jebailey's blog


I've never ran across a project that screamed at me so loudly to be put into an OSGi framework.

There's multiple stages to an application that's OSGi based. The lowest level of design is just updating your jar files so that the implement the necessary bundle information. This is pretty straightforward and there are ant tasks that will do this for you, using the bndtools.jar and this would provide a plugin framework OOTB

The second level, and where it gets interesting is the conversion of the application into a services framework. Being able to implement a level of separation of concern is where OSGi shines.

Thoughts on Documentation

My general thought process is that if I see something that I think I can be improved, just don't complain about it, but offer a suggestion.

So my thoughts turned to the documentation that's available for JNode. What could we do to improve the documentation, and what do I mean when I say improve it. Documentation is difficult, and can be boring if you don't have the mindset for it. It's also extremely important for new and old users to have a robust level of documentation to support the project.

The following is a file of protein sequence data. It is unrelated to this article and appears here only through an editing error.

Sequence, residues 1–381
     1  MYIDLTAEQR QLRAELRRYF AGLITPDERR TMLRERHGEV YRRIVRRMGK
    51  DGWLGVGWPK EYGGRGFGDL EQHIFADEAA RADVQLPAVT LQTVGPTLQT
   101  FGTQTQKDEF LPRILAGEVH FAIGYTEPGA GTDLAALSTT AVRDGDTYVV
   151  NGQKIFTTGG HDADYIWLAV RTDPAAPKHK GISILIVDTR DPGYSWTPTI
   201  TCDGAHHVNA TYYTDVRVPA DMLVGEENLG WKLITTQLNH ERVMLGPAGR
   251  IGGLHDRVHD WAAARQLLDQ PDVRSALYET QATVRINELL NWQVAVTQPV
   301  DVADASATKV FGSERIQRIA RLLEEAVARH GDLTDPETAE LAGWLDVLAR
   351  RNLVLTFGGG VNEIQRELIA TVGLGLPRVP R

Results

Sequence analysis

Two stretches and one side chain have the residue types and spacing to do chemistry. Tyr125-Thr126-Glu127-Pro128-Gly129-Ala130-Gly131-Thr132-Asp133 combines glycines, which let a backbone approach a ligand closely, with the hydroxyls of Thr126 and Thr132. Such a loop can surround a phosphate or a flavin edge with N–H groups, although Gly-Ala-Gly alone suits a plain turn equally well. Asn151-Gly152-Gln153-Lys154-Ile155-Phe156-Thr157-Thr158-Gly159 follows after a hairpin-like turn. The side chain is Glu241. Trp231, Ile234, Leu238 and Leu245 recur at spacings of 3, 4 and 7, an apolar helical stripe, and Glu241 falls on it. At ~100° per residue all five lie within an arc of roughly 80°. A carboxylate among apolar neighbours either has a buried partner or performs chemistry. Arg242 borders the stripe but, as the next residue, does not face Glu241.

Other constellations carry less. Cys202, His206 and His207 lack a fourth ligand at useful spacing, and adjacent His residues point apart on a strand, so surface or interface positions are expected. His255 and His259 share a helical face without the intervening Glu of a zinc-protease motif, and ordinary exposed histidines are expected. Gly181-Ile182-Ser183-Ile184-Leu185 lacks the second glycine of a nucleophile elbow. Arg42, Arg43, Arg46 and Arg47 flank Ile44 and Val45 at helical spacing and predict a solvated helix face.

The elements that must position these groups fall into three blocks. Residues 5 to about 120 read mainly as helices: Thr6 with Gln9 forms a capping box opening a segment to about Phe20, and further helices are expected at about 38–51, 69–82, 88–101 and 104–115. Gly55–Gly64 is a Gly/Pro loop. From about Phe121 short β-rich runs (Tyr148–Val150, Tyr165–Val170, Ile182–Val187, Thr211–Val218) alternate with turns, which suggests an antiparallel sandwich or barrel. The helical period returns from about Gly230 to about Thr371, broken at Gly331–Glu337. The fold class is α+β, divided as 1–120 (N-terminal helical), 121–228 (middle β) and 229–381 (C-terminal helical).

One of the obvious solutions is a wiki, however wiki's require monitoring and administration and servers. Another solution, which JNode is currently doing, is centralizing the documentation on a CMS but limiting the rights of the people who can modify it. This can work pretty well but can suffer for the same reason that wiki's do which is the lack of man power in a slow moving, large project.

My recommendation is to push the core documentation into the source code, as a project in it's own right.
Which provides the following benefits

  • Documentation is now available offline
  • There is a history of the documentation
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